A policewoman who caused a crash that killed a motorcyclist while talking on her phone has resigned.
Collette Carpenter stepped down after the Crown Prosecution Services’ decision not to charge her was reported in the national press.
Carpenter was talking on her phone when she pulled into the path of motorcyclist David Bartholomew, 54, an inquest heard.
But the CPS concluded there was not enough evidence to charge the 23-year-old special constable after she said the phone had been in her lap, on loudspeaker, at the time.
The case sparked outcry from motorcyclists. A Facebook group, ‘Justice for David Bartholomew,’ has over 3000 supporters.
Bartholomew’s son, James, expressed frustration at Carpenter’s resignation, as it means she will not face disciplinary proceedings by Dorset Police.
James, 27, also a keen motorcyclist, said: “Not only is she not to be prosecuted, she was also given the opportunity to resign.”
James, an IT developer from Bournemouth, added: “My sister Charlotte and I are keen to paint a picture of dad and his passion for motorcycles to the biking community. We’ll be putting more pictures on the Facebook page.”
A Dorset Police spokesman said: “The Special Constable has resigned. This happened prior to any disciplinary proceedings, the maximum penalty for which would have been resignation. The circumstances surrounding the resignation will be kept on record.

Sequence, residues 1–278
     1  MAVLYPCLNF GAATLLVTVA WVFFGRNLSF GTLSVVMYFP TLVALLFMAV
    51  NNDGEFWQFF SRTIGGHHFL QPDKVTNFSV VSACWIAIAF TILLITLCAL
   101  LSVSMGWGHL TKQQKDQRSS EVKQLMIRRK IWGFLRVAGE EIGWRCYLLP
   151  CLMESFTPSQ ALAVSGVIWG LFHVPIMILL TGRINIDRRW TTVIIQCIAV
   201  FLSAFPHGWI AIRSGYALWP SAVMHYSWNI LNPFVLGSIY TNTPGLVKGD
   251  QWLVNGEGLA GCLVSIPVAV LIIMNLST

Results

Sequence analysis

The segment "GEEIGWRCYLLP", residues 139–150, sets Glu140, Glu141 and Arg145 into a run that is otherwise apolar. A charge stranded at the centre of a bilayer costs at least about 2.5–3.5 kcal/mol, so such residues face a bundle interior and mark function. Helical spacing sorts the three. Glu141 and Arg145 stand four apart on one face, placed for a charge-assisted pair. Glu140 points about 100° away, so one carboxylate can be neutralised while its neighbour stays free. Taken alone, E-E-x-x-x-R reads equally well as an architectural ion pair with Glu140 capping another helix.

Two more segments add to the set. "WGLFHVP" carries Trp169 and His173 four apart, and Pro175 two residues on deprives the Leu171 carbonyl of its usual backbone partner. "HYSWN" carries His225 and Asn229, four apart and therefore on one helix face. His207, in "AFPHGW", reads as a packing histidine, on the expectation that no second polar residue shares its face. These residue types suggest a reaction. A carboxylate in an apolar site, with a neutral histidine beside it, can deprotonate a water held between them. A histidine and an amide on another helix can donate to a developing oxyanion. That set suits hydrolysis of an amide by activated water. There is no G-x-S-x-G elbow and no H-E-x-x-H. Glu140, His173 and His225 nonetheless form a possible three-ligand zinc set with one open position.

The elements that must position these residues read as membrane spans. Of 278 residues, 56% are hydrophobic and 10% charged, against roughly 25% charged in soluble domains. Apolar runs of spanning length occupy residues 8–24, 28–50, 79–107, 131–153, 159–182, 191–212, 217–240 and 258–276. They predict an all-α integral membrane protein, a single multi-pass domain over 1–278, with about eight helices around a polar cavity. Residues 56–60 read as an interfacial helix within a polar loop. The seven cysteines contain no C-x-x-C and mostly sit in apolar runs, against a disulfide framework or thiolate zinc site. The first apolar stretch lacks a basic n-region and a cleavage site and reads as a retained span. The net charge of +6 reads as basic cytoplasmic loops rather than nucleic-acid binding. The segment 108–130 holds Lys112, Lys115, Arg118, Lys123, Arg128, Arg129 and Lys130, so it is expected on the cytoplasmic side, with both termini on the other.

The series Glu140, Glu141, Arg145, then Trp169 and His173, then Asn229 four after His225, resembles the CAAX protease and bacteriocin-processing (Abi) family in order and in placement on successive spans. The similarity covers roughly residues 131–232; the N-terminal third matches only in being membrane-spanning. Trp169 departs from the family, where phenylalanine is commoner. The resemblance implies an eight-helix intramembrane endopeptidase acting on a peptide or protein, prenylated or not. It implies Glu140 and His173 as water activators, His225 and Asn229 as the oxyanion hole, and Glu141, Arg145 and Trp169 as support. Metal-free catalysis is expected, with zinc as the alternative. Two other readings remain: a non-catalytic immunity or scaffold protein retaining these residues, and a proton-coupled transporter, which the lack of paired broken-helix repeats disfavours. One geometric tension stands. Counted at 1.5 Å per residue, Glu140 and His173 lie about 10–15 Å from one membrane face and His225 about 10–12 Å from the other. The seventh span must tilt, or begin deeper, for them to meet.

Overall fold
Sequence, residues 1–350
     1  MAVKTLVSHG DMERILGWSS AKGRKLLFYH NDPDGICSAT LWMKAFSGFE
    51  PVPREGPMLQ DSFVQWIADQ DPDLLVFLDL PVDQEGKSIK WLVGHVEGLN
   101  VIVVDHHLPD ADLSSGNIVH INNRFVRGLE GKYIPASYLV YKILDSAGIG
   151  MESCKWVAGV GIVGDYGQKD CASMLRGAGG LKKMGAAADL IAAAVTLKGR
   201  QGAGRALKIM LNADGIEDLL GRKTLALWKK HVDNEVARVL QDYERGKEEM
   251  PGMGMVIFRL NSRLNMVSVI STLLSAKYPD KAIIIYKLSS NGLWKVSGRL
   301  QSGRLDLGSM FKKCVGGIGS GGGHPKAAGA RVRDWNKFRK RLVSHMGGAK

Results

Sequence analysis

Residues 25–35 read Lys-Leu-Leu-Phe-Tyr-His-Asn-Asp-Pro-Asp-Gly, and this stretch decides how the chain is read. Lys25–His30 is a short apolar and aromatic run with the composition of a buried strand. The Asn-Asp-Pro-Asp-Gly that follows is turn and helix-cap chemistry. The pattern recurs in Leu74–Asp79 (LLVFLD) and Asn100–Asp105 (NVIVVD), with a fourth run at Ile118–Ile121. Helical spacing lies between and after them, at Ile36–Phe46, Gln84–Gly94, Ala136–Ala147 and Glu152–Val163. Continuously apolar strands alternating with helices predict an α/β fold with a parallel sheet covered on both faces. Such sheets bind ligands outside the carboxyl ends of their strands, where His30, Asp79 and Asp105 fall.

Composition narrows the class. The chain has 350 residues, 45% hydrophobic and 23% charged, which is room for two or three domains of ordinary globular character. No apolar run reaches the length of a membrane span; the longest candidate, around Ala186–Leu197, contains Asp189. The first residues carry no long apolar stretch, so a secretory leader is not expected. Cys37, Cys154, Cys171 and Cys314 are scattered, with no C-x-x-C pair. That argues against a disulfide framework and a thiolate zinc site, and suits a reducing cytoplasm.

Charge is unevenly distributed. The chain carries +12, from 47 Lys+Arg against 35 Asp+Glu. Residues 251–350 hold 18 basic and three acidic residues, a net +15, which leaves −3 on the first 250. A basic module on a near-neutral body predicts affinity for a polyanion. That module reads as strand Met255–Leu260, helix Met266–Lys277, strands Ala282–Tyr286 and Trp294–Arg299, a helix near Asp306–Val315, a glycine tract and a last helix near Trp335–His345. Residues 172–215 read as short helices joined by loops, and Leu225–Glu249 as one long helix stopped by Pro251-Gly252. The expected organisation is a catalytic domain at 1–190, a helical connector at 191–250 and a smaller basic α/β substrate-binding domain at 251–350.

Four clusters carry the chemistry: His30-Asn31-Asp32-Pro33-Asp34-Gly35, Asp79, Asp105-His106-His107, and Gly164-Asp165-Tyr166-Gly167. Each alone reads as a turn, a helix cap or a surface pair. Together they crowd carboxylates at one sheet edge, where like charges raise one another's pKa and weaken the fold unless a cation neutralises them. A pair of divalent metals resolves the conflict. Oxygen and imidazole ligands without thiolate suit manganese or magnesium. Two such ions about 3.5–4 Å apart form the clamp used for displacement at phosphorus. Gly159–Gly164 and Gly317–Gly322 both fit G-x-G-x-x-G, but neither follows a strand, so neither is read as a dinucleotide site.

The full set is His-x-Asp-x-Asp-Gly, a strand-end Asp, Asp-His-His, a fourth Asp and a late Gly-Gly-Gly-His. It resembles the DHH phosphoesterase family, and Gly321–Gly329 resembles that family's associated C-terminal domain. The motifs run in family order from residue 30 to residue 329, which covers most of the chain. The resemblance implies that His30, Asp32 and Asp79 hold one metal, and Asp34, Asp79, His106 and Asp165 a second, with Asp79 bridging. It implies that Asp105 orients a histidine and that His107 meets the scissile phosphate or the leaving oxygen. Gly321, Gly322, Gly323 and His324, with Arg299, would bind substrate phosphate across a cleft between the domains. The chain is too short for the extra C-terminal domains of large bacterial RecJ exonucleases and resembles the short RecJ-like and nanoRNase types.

“Dorset Police conducted a full investigation into the collision and submitted the file to the Crown Prosecution Service.
“The decision whether to prosecute lies with the CPS who in this instance decided that there was no case to answer.”
Bartholomew was riding his Honda CBF1000 on the A31 in Ferndown, Dorset, on March 20 last year, when Carpenter pulled out of a side road in her Peugeot 206.
The experienced motorcyclist and father-of-two, from Bere Regis, Dorset, died of head injuries and multiple fractures hours after the collision.
A CPS spokesman said there was insufficient evidence to charge Carpenter with causing death by careless or dangerous driving.
He said: "The evidence showed that Ms Carpenter was using her phone whilst driving but Ms Carpenter stated that her phone was positioned on her lap on loudspeaker.
"We also took into consideration that there was no evidence to support that Ms Carpenter was holding her phone at the time of the collision.”